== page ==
On May 1, a worker at Japan’s crippled Fukushima Daiichi nuclear power plant discovered a storage tank leaking radioactive water, plant operator Tokyo Electric Power Company (TEPCO) announced the following day. In March 2011, a major earthquake and tsunami triggered three separate meltdowns at the Fukushima plant. Large quantities of water have been rendered radioactive from being used to cool the crippled reactors. In addition, groundwater has been leaking into the basements of the reactors, mixing with contaminated water there and also becoming radioactive. TEPCO has been frantically pumping this water out and concentrating it into onsite storage tanks in an effort to minimize how much radioactive water spreads beyond the plant as groundwater.

The leak was found on the same day that TEPCO resumed tests for its beleaguered plans to construct a nearly mile-long “ice wall” of frozen soil to prevent more groundwater from infiltrating into the plant. Second leak in weeks The leaking tank was discovered when the worker noticed a wet patch just three inches wide next to it. The ground at that spot tested at 70 microsieverts per hour of beta-ray-emitting radioactivity; this is more than 600 times the 0.11 microsieverts per hour of maximum recommended exposure.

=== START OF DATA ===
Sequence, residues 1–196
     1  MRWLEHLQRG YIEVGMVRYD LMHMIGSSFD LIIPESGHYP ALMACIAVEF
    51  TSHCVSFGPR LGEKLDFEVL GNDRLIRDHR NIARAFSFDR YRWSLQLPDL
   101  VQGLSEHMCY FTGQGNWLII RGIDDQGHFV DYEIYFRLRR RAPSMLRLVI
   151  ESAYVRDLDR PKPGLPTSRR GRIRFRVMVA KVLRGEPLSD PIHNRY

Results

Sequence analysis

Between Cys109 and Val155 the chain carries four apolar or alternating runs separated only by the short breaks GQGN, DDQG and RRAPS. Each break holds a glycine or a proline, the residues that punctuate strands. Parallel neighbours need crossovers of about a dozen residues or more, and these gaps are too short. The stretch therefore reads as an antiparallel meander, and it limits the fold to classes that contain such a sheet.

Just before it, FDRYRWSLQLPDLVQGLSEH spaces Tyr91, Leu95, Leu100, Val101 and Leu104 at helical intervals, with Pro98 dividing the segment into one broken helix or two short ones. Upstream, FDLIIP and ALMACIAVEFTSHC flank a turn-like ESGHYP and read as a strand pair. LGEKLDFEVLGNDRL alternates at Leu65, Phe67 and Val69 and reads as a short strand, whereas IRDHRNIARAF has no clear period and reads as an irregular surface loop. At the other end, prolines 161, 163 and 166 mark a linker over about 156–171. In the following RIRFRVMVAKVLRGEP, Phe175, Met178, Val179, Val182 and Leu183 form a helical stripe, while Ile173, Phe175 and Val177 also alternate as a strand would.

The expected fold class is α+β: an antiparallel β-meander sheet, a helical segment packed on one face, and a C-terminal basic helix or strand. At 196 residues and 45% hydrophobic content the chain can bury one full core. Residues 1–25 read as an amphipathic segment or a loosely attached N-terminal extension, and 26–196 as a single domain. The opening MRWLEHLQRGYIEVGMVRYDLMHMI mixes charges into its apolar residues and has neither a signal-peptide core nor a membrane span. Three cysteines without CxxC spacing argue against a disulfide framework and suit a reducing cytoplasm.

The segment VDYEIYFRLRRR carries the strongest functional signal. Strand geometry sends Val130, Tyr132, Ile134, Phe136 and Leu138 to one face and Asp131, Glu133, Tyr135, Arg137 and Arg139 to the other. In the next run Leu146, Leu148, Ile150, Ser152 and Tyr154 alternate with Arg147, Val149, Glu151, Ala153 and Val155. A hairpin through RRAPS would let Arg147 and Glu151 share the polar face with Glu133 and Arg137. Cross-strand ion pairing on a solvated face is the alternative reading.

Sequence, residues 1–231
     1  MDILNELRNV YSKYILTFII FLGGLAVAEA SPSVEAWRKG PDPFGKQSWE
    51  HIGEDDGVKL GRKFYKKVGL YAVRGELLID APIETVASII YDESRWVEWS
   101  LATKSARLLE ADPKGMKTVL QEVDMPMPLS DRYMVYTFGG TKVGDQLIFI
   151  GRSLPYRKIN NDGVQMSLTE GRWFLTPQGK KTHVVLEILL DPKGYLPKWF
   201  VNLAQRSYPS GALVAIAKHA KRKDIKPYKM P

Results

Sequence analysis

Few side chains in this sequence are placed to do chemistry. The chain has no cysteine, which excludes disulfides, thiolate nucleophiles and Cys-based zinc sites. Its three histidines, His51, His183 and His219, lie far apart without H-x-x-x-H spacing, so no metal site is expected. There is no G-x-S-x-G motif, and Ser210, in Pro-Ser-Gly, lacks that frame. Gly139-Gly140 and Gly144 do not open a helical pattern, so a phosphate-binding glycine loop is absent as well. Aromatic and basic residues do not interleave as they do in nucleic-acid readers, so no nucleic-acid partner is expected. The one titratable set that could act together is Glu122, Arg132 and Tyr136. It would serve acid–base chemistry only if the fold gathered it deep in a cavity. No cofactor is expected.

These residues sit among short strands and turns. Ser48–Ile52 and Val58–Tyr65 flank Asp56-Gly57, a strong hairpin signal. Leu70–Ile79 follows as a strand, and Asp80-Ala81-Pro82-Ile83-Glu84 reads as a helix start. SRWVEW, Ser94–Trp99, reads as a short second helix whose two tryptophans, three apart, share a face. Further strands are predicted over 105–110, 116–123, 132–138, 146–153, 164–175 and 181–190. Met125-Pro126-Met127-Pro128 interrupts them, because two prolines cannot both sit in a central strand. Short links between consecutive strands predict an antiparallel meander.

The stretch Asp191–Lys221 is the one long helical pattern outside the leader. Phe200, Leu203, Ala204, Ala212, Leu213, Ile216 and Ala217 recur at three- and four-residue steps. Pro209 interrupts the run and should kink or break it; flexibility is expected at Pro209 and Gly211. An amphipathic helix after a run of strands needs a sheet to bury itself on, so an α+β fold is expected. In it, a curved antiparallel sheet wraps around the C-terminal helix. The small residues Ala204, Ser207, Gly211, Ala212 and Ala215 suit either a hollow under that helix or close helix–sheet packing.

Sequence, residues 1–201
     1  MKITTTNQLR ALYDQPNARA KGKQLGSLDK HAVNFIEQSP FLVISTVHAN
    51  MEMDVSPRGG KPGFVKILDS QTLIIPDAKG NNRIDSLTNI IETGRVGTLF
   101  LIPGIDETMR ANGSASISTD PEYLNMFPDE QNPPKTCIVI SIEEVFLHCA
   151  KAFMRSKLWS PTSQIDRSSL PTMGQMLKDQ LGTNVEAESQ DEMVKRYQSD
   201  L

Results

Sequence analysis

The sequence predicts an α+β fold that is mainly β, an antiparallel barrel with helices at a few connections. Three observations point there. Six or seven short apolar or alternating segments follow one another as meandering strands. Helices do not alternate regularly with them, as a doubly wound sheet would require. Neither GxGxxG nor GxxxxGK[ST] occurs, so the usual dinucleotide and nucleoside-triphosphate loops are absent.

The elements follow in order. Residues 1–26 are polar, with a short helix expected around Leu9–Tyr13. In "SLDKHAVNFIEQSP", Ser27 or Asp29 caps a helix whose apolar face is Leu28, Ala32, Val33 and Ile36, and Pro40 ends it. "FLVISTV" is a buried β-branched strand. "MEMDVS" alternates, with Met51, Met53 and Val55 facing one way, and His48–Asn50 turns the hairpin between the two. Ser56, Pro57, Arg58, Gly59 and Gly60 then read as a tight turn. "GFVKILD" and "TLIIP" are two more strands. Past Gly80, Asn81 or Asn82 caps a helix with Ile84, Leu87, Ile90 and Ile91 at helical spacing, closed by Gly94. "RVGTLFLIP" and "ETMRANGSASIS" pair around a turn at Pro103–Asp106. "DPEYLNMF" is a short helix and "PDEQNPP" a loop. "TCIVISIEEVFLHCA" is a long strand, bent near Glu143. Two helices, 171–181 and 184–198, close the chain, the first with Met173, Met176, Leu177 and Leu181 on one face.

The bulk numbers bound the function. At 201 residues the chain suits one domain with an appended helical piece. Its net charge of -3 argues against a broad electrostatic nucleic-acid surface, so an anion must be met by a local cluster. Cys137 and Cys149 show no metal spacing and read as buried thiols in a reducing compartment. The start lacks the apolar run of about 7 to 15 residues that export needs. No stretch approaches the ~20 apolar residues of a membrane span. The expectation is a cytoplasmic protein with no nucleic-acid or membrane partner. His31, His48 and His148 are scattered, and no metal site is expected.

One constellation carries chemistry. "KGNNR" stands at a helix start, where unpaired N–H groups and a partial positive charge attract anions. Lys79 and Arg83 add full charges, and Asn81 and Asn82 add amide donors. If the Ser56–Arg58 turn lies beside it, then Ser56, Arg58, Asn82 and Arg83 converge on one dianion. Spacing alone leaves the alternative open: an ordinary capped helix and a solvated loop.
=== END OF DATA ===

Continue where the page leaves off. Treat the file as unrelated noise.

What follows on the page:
Workers piled sandbags around the tank to keep the leak from spreading, TEPCO said. The leak was the second one reported in the last few weeks. In late April, a still-unexplained power outage caused water transfer pumps at the plant to shut down. The pumps were being used to move radioactive water from one drainage channel into another after it was revealed that water had been spilling from the first channel directly into the Pacific Ocean. When the power to the plants shut down, radioactive water resumed flowing into the sea. Approximately 100 tons of contaminated water — also exceeding the legal limit — are estimated to have escaped before power was re-established. MORE